RUMFORD — A proposed ordinance to establish a cap of $6.2 million on municipal spending isn’t going on the June town meeting referendum ballot after all.

At last week’s public hearing on proposed ordinances and amendments, selectmen unanimously approved placing the spending cap ordinance on the ballot, contingent on legal review.

That legal review came before selectmen at Tuesday night’s second public hearing. The board voted 4-0 to approve town attorney Jennifer Kreckel’s recommendation that the budgetary spending cap can only be accomplished by a charter change.

“The requested action goes directly to the budgetary powers and process of the charter,” Kreckel wrote in her April 30 letter to Town Manager Carlo Puiia.

“Because the changes being requested in the document submitted to the select board last week will fundamentally change the budgetary process, it is my legal opinion that this change needs to be done as a revision of the town charter rather than by amendment,” she said.

It can only be done by a charter commission, Kreckel said.

“The change proposed to the select board seeks to alter and limit the power of the town government and to institute a profound and fundamental change to the budgetary and voting process currently in our town charter,” she said.

Because the legal review came in as such, Puiia said selectmen voted to support Kreckel’s opinion, which nullified placing the spending cap ordinance on the warrant.

During discussion, it was mentioned that the mechanism is already in place for the citizens to reject budgets with the secret ballot. That would require town officials to resubmit budget amounts and hold another secret ballot election.

A point was also raised that the secret ballot process was done in the past without a charter commission.

“The town attorney did say that at that time they could do that,” Puiia said. “However, with what she has found out with case law now, that could be challenged.”

In other action, selectmen edited a proposed consumer fireworks ordinance and voted 4-0 to put it before voters in June.

Selectman Jeff Sterling raised an issue with one paragraph that said any three complaints brought on different days by neighbors would bring a total ban on consumer fireworks for the user and landowner.

Sterling objected to the word “complaints,” saying it was too ambiguous. He said complaints have been made and police investigated them only to learn that the suspect actions were completely legal.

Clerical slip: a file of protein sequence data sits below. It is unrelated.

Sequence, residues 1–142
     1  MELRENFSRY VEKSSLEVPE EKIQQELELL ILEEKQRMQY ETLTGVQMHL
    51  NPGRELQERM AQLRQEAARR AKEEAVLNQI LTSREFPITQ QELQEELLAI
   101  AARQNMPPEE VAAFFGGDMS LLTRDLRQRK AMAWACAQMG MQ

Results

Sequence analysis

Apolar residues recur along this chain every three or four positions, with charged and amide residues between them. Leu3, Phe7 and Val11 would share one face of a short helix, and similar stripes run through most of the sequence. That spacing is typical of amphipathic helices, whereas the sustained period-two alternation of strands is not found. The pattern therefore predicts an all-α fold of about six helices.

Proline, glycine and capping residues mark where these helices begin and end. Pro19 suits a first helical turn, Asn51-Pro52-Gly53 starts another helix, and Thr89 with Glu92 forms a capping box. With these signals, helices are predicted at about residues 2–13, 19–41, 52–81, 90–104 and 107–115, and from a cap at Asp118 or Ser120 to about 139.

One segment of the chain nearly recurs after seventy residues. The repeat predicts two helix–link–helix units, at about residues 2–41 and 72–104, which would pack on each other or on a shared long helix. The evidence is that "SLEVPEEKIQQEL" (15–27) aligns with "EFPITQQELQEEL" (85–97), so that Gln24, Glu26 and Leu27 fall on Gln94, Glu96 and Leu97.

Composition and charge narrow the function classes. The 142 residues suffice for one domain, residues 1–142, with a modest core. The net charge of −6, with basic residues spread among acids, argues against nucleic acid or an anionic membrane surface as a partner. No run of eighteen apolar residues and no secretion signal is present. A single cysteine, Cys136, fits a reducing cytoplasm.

The paragraph was removed. Additionally, selectmen changed language that gave the fire chief authority to issue citations for ordinance violations to the police chief and police officers. Fire Chief Bob Chase said he doesn’t legally have that authority but police do.

After much discussion, selectmen voted 3-1 to place a proposed property maintenance code on the ballot. It complements the International Building Code adopted in 2010.

Selectmen Chairman Greg Buccina wanted to table it and address sections of it at future meetings so residents could weigh in on it. But Selectman Jolene Lovejoy said the board has held public hearings on it and the public hasn’t participated.

She said the maintenance code is directed at basic things that people should be taking care of.

“I don’t think they’re out to turn Rumford into Disneyland,” Lovejoy said of Code Enforcement Officer Rick Kent and Chief Chase.

Chase and Kent spent several months drafting the ordinance with guidance and approval from the Planning Board.

Lovejoy said the board needs to start addressing blight issues now rather than waiting a year.

“Doing something is better than doing nothing,” she said. “The biggest thing for me is that the Planning Board liked this.”

By 4-0 tallies, selectmen also approved placing amendments to the Hawkers and Peddlers, Finance Committee, and Police and Fire Department ordinances discussed at the April 23 hearing on the ballot.

Two proposals by resident Candice Casey to substantially increase fines against pet owners who don’t clean up after their pets while walking them about town, and people transporting unsecured loads of waste that spill out and aren’t retrieved, were not approved.

The latter died for lack of a motion; the former from lack of a second.

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